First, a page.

In each investigation -- the Cincinnati Police Department in the former, the Hamilton County Prosecutor's Office in the latter -- officials say the matters involved are so complicated that they require extra time and effort, and they wouldn't estimate when the inquiries would be completed.
People who lodged the complaints that sparked the investigations, however, say the allegations depend on a fairly straightforward series of facts that should be easily discernable if they have any merit.
In May 2006, Dale Mallory wrote checks totaling $1,119 that emptied the West End Community Council's bank account, which occurred more than three months after his impeachment as the group's president and a few weeks after his lawsuit seeking reinstatement was dropped. Mallory has said the money was for an arts program at the YMCA that the council had authorized in February, but community council leaders said no vote was ever taken.
A month later, Police Lt. Col. James Whalen told the council that the Mallory investigation was turned over to the FBI to avoid a possible conflict of interest; Mallory's brother, Mayor Mark Mallory, has oversight responsibility for the Police Department. FBI agents, though, later said the allegations didn't involve enough money to merit their involvement and handed the case back to police. It's now been more than 230 days since the bank account was closed.
Police Lt. Steve Kramer, the department's major fraud investigations commander, is handling the investigation. Lt. Tom Lanter, a department spokesman, last week described the probe as "a long-term investigation that is ongoing."
"It's apparently pretty complex and pretty involved," Lanter said. "(Kramer) couldn't even give me an estimation on when they'll be bringing that to a resolution."
Some community council members who have copies of the cancelled checks signed by Mallory are angry that it's taken so long for police to respond, calling it "an open and shut case."
Meanwhile, the prosecutor's office launched an investigation in August 2006 into forged signatures and the alteration of more than 1,000 addresses on referendum petitions circulated by a group affiliated with Citizens for Community Values (CCV) in the group's efforts to overturn a Cincinnati law that gives anti-discrimination protection to gays and lesbians. The CCV-related group collected more than 14,000 signatures, but about half were immediately dismissed by election officials as ineligible. That left the group with 7,656 signatures, just two more than legally required to put a referendum on the ballot. Of those, more than 1,300 were facing a legal challenge by the law's backers, Citizens to Restore Fairness.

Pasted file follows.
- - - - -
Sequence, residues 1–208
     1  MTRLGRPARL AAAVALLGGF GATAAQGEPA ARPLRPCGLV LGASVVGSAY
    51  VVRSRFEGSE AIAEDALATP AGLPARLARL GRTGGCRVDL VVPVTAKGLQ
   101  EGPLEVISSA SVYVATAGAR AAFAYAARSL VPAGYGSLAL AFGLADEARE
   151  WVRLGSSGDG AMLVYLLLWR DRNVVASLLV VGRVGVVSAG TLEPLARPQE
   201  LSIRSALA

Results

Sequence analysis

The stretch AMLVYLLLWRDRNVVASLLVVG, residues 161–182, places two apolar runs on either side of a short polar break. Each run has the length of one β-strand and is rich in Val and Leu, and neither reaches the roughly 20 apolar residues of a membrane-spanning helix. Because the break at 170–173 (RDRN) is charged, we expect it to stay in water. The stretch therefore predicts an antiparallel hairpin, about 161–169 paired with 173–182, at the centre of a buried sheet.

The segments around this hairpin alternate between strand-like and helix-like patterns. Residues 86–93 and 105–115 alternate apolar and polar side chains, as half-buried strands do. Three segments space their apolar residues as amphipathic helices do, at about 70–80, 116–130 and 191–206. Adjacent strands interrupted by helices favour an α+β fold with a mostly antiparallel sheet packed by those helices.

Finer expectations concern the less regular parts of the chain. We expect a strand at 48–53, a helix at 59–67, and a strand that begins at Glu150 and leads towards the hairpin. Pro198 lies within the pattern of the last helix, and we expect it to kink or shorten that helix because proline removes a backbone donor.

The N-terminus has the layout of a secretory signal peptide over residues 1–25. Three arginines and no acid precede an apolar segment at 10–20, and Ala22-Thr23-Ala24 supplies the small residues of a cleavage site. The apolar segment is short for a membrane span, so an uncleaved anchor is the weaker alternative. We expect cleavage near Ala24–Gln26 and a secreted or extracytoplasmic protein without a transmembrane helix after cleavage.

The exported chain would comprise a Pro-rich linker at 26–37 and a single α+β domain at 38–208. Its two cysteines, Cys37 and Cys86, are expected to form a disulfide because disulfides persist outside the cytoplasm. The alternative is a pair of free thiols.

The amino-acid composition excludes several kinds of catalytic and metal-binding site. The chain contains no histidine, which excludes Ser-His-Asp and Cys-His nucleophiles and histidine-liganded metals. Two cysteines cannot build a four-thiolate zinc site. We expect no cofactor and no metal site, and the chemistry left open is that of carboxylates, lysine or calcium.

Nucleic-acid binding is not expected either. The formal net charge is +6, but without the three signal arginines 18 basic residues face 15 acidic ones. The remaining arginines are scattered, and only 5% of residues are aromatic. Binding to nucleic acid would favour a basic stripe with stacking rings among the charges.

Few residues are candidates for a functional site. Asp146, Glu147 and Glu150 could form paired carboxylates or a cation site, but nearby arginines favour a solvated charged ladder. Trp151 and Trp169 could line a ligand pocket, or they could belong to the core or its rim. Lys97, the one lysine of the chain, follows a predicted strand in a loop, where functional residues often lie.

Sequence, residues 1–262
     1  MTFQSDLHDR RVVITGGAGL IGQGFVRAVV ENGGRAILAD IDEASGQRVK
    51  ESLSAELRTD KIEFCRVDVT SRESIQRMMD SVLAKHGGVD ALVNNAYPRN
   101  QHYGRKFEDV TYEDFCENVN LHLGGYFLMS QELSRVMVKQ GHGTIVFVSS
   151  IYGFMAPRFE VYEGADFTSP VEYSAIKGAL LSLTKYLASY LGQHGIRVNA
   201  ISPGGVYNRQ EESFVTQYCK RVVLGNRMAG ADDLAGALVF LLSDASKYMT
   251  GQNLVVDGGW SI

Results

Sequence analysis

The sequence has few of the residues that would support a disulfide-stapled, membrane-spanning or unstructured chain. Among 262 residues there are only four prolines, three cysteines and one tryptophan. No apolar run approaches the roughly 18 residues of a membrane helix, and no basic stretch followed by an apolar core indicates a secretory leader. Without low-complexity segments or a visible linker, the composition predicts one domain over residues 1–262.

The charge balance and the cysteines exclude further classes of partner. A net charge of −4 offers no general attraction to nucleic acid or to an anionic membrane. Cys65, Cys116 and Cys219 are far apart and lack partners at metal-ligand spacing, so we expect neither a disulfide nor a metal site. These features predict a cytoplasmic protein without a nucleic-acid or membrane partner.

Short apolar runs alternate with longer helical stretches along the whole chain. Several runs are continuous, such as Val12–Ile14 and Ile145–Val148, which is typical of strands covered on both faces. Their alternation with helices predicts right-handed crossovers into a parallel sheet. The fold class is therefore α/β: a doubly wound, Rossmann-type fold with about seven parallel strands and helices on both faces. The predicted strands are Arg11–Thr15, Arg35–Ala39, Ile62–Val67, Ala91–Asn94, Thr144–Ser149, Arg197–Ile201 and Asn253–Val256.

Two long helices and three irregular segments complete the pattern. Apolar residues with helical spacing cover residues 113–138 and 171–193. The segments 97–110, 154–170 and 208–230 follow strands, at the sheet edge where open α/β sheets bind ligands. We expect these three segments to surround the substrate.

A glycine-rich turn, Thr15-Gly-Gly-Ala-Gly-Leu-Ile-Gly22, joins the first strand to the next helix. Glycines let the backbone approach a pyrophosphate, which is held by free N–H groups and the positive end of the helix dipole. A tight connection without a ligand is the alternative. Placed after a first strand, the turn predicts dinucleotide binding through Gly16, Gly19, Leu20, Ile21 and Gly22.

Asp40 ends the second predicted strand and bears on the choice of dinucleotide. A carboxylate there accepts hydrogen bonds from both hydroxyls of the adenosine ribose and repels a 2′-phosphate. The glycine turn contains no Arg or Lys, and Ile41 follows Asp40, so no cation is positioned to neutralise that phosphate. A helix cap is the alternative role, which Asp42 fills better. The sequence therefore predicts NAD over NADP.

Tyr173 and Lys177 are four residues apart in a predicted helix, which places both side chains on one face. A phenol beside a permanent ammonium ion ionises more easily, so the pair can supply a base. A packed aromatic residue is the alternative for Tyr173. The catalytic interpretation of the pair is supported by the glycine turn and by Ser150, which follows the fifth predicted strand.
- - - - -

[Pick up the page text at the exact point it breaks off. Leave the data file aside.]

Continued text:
The law's supporters alleged that the manner in which addresses were changed proves a systemic effort by the CCV-related group, not the actions of a lone circulator as the group claimed. Addresses were marked out and replaced with new ones on 1,016 of the signatures collected by the group. The addresses that were changed were for signers who lived outside Cincinnati city limits and were replaced by addresses for people who live within the city and have the same or similar names. That type of effort could only come from someone comparing the names with the rolls of registered voters, according to Gary Wright, a Citizens to Restore Fairness leader.
In a column written by Peter Bronson of The Cincinnati Enquirer after the petitions were withdrawn, Brinkman admitted he was to be paid $60,000 by the CCV-related group if the petition drive were successful and nothing if it weren't. Also, Brinkman was advanced $40,000 to coordinate the effort, he told Bronson. During the campaign, the group refused to identify who received the $40,000 when it filed required disclosure forms with state officials, citing First Amendment concerns.
The group has blamed its ballot problems on "a pro-homosexual 'mole' that got in and tried to sabotage these petitions," according to the conservative Christian newspaper Citizen USA.
Jennifer Irey, spokeswoman for the prosecutor's office, said the probe is ongoing. "It's still actively under investigation at this time," Irey says.
She didn't know when the inquiry might be completed.
President Bush's escalation of the U.S. war on Iraq, announced last week, brought more than 100 people onto the streets of Northside in protest. Responding to a call by Moveon.org, people reported to Hoffner Park Jan. 11 with signs and chants. Protesters also held anti-war signs for the benefit of rush-hour commuters in Finneytown.
For updates on the growing local anti-war movement, visit CityBeat's Porkopolis blog at citybeat.wordpress.com.
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